The apartment complex on Telfair Street is a well-kept wood and stucco building with a grassy courtyard in its U-shaped center. Two large pepper trees shade an area where small children play and tenants gather on warm days to exchange pleasantries.
The complex is a blend of young marrieds just getting started and older couples who have given up running a larger household for the easier life of a small apartment. They coexist in amiable harmony, and some have become close friends.
With its balanced mix of races and generations, the 17-unit cluster in suburban Sun Valley could serve as a model of what human relations ought to be.
Instead it has become a symbol of urban society under siege: a hunting ground of fear and foreboding where the forest belongs to the predator and the life span of its prey depends on an ability to hide.
"We are," one tenant has said, "the cats, and they are the coyotes."
This is the story of Telfair Street.
A month ago, a man was caught trying to burglarize one of the units in a search for drugs. Tenants joined in his capture and held him for police. As the man was led away, he shouted, "I'll be back. I'm Sol Trece!"
Then the terror began. Sol Trece, or Sun 13, is a local gang. No one knows for certain that its members are responsible, but since that threat of vengeance, the lovely, peaceful apartment unit has been the target of 15 attempted break-ins.
Automobile tires have been slashed, windows broken, an entry gate wrecked and a woman beaten to the point of hospitalization for no apparent reason.
A police car parked just outside the complex was bombed while the officer stood in the tree-shaded courtyard discussing crime prevention with the tenants.
"If they won't even respect the law," a young woman asked, "what will they respect?"
A fellow tenant supplied an answer. "Guns," he said.
Kim Roundtree, dark-eyed and frightened, stood in a doorway watching her four young children play, balanced between guarding them and listening for a fifth who napped inside.
"One night," she said, "I heard a noise from a back room. I turned on a light to see a man trying to pry open the window. I screamed but he just looked at me. His expression was like so scream again, and he kept working to get in. He only ran when my husband took after him."
She glanced around nervously, as though the man might still be there somewhere, watching.
"What if," she asked, "my husband wasn't there? What if I was alone with the kids?" A pause to consider the ultimate horror, then: "I'm scared to death."
"Two Saturdays ago," Bill Hoose said, "we came home to find our stereo, television set and wedding presents on the lawn. Apparently we surprised a burglar and he took off. We just got married and some of the presents weren't even out of the boxes yet. I bought a gun."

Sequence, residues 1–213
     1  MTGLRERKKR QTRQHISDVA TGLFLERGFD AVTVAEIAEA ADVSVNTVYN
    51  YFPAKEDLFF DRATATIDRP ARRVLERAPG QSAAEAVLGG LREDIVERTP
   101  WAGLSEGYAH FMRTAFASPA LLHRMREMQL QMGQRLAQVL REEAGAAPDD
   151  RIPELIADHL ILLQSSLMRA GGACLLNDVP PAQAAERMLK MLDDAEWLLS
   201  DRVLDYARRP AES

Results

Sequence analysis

The tenants chipped in to hire a 24-hour security patrol.
"I keep wondering what good it's going to do when the men on patrol can't even carry night sticks," Kim said.
"Some security," Jim Clark said. "An old man walking around at night. I used to stay awake worrying about what the gangs might do to us. Now I stay awake worrying about what they'll do to him. It's driving me crazy."
Jim, his wife, a new baby and two other children now sleep in the same room for protection. Jim, like Bill Hoose, is buying a gun.
"The owners have promised to put bars on the windows next week," Kim said. " Bars! I never thought it would come to this. I'm a prisoner in my own home."
No one sleeps much anymore. All of them are deeply afraid. Those who don't own guns have armed themselves with baseball bats and tire irons. One has a spear.
There is no question in their minds that the terror is caused by Sol Trece. But, in addition to blaming the gang, they also blame the police for not doing enough and the courts for not punishing enough and society for not caring enough.
"You know what the cop who had his car bombed told us?" Bill asked. "To be ready. All right. We're ready."
Terror causes an extreme of responses. It either paralyzes the prey and makes it an easy victim for the predator or fires even the weakest among them to turn and fight. In the apartment complex on Telfair Street, the game of cat and coyote is undergoing a change.
They've stopped hiding.
"We want to catch one of the punks," Bill Hoose said. "Just one. We'll tie him to a tree and leave what's left for the cops."
"If he comes to my house," Kim Roundtree said, "he'll be lucky if there's anything left for the cops."
"No more fun and games," Jim Clark said.
It's too bad, isn't it? I mean, here was a place of rare achievement, 17 families in a commune-like setting, blacks, whites and Chicanos, living together, liking each other, making it all work.
And now guns. And now bars. And now threats.
A man on Telfair Street phrased it best. "Good God," he asked, "what's happening to us?"